Cablevision and the Supreme Court


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The Supreme Court inched closer today to revisiting -- again -- its landmark 1984 decision in Sony Corp. of America vs. Universal City Studios, better known as the Betamax case. This time, the issue is whether consumers’ right to record TV shows for later viewing can evaporate if they use the wrong technology. Put another way, the question is whether home recording rights can be lost if they’re provided as part of a service instead of a piece of equipment.

Cablevision, a Long Island, N.Y.-based cable TV provider, wants to offer its customers the digital equivalent of a Betamax recorder. Instead of putting the recorder in a set-top box, as most cable and satellite TV operators do (as does TiVo), the company wants to put it in the central office of its cable system. The major TV networks and film studios sued to block the service, claiming it violated their copyrights. They persuaded District Judge Denny Chin to block Cablevision’s plans in March 2007 (with a bizarrely reasoned ruling), but a 2nd Circuit panel overturned that decision and sided with Cablevision (although its reasoning also seemed to be based less on well-established principles than on reaching the desired outcome).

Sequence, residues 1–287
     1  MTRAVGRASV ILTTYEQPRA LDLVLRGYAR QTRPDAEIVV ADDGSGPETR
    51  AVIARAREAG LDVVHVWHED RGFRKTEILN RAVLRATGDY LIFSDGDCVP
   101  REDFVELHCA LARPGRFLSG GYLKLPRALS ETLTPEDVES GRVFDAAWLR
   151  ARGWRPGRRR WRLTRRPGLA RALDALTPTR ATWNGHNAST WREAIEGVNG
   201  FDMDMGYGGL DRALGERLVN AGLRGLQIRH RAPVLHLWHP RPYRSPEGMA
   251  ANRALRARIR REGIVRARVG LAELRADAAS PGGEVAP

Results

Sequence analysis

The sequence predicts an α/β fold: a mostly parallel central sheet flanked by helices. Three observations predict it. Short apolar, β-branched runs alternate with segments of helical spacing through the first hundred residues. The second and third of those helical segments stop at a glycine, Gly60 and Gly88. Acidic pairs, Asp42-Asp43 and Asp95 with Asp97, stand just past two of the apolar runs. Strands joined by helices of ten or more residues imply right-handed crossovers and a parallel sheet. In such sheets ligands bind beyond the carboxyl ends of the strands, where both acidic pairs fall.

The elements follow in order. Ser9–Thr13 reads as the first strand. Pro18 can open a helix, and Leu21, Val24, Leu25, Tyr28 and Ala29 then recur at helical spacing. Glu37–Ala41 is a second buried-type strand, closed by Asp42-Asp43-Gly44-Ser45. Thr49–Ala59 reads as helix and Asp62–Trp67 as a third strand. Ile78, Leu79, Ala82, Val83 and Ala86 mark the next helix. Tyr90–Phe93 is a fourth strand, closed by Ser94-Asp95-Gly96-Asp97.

The studios appealed to the Supreme Court, which has yet to decide whether to take the case. This morning, though, the justices asked the U.S. solicitor general to opine on whether Cablevision’s service violated copyright law. It’s a great case because it shows how new technologies pose unexpected challenges to copyright doctrines. Both Chin and the 2nd Circuit seemed to lose themselves in the technological weeds, examining in intricate detail how Cablevision’s system worked. From a 30,000-foot perspective, the issue presented here is pretty simple: If I build a system that lets you, dear consumer, record shows for later viewing, should it matter if put that system somewhere other than a box in your home that I lease to you for $X per month? As long as you’re the one deciding what to record and when to record it, does it really matter where the hard drive is?

-- Jon Healey

Healey writes editorials for The Times’ Opinion Manufacturing Division.